If you don’t cover your compost toilet with a toilet lid, you may encounter foul odors.
At this point, you’re ready to add your bucket to the box. Lift the lid of your toilet seat and center the bucket inside.
Fill your bucket with the dry organic matter you’ll be using to absorb the waste and moisture.
Peat moss and wood ash also make excellent composting materials for your composting system.
Wood ash, peat moss, and wood shavings are all absorbent materials that will cover your solid waste.
Make sure you have extra dry organic material close by, as you’ll want to scoop more in after each use.
Using Your Own Compost Toilet
Whether you constructed this composting toilet for your tiny home, off-grid living site, or just as an addition to your regular residence, you’ll want to follow some basic rules to ensure it functions as intended.
Keep in mind that a properly functioning compost toilet doesn’t have constant foul odors, needs to be emptied regularly, and should only be used for human waste material.
First, always make sure that your bucket has a fresh layer of organic material inside before using it.
Never put toilet waste into the bucket without the organic material, or the waste will not compost properly, and you’ll be left with an unusable bucket of biohazardous material.
Second, once you’ve used the composting toilet, scoop a thin layer of the dry organic matter on top of your waste. This step will help it break down more quickly and eliminate any lingering odor associated with the toilet waste.
Last, always make sure to empty the bucket before it becomes full. A good rule to follow is if the bucket inside of your composting toilet has reached 3/4ths of the way full, then it’s time to dump it into the center of your outdoor compost pile or your composting bin.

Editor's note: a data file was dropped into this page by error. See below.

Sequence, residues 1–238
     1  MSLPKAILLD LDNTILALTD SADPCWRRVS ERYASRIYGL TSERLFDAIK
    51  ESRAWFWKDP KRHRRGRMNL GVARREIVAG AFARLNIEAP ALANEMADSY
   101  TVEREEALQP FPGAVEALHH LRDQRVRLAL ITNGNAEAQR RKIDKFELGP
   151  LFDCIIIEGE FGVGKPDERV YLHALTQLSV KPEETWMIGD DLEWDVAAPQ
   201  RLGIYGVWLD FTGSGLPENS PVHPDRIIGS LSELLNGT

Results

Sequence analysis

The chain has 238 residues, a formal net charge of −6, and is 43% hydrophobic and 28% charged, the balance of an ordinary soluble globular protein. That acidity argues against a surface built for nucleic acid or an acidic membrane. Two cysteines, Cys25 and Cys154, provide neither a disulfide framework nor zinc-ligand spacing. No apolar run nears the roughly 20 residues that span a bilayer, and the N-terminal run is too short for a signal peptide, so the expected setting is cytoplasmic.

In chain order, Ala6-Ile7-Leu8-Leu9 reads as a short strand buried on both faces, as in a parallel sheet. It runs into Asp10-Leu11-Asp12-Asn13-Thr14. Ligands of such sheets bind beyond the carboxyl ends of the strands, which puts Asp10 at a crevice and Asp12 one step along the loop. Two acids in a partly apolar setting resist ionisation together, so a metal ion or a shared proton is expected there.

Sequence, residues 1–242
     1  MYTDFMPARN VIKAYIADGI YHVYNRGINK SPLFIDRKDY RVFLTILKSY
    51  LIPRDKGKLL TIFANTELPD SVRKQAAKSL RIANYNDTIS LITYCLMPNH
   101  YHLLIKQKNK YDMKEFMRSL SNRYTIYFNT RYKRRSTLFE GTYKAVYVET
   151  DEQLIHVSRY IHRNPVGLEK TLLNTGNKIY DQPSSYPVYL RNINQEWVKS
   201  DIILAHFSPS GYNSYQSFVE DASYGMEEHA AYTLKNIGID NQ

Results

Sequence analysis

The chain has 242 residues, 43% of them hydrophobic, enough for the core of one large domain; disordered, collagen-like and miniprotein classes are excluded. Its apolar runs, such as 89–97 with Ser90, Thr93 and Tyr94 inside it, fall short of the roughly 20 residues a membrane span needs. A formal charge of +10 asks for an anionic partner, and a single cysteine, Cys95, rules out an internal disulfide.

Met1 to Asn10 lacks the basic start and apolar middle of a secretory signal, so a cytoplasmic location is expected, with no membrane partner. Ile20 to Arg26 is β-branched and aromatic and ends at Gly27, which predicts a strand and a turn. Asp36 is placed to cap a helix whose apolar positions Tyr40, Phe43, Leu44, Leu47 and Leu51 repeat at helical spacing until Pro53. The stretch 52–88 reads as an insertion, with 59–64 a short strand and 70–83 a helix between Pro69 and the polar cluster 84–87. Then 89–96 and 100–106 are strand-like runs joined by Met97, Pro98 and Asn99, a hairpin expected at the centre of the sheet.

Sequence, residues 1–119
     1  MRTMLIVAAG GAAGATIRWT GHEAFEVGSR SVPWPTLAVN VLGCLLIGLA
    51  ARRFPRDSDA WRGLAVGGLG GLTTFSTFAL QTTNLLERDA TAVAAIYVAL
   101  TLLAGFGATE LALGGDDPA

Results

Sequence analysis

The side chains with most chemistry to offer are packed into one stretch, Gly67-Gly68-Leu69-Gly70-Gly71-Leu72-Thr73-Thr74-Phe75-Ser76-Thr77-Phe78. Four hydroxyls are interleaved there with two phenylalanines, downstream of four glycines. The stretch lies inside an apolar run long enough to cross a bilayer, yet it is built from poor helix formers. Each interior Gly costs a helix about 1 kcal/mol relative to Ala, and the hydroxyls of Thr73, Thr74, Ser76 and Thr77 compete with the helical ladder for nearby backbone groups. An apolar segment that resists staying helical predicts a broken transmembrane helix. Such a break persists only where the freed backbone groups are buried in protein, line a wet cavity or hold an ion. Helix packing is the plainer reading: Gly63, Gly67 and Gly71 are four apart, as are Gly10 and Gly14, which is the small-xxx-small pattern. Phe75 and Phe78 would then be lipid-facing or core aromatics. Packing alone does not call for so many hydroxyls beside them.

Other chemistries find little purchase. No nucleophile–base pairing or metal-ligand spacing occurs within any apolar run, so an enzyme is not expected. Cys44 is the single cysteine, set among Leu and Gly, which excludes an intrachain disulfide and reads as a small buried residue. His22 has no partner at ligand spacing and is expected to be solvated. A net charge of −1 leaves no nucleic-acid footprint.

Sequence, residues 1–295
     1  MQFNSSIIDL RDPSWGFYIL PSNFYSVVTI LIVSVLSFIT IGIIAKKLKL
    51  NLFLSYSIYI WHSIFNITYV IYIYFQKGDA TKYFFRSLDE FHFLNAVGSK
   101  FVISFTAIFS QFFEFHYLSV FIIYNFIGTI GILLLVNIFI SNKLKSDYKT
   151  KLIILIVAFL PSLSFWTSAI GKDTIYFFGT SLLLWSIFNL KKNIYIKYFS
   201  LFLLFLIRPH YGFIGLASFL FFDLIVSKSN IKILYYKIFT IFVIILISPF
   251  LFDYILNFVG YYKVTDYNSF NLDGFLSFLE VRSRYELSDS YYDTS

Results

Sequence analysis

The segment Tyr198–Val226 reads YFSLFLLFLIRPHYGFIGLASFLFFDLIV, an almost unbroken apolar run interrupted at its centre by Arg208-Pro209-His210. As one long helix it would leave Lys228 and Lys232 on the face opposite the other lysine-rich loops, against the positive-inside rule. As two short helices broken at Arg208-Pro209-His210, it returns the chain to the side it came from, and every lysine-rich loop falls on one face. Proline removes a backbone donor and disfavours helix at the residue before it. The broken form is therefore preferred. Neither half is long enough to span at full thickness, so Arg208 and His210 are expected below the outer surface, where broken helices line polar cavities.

If you’re adding toilet paper into your DIY composting toilet system, make sure you use unscented, compostable toilet paper. This is recycled, unbleached toilet paper, which will ensure that the toilet paper doesn’t disrupt the microbial life needed to break down your waste. The thinner the paper, the faster it will break down and be incorporated back into the soil.
What To Do With The Compost From Your Composting Toilets?
It’s widely recognized at this point that the compost you generate from your composting toilet system should not be added to a vegetable patch. There’s too much of a risk for E.coli or other harmful bacteria to come in contact with your food.
A good rule of thumb is to only use compost from your composting toilet system on plants that are not food-bearing or when the food is located more than 2 feet from the ground.
It’s best to allow compost from your composting toilet system to break down in your outdoor compost pile or compost bin for 3 to six months before using it on your land.
The reason behind this is the same as with all compost you generate; the organic matter in the human waste needs time to break down and become soil.
When your compost is breaking down, make sure to turn the pile regularly and ensure that it always has adequate moisture.
Moisture is an essential part of the composting process, and your toilet waste will break down faster if the moisture levels are adequate.
How To Process Your Compost
When you add the human waste from your compost toilets to your compost pile, you’ll want to create a hole in the center where the hottest part of the compost pile is. Dump your waste from the compost toilet here and cover the area back up.
The high heat from the center of the outdoor compost pile will break down all the waste more quickly.
One of the best uses for the humanure you generate is to use it in a fruit tree orchard. Since the fruit grows high off the ground, there’s little to no risk for contamination.
Another great use is identifying an area on your land with native trees and plants that could use a nutrient boost.
Spread your compost a few inches deep in that area, and make sure that no kids or pets play there for a month or two until the compost has been absorbed and incorporated into the soil.
Building a composting toilet presents many benefits and is not a difficult task. If you are handy with common tools, you will be able to safely make a composting toilet by following the steps in our guide above.
Now that you are well versed on how to make one, start working on your compost toilet now!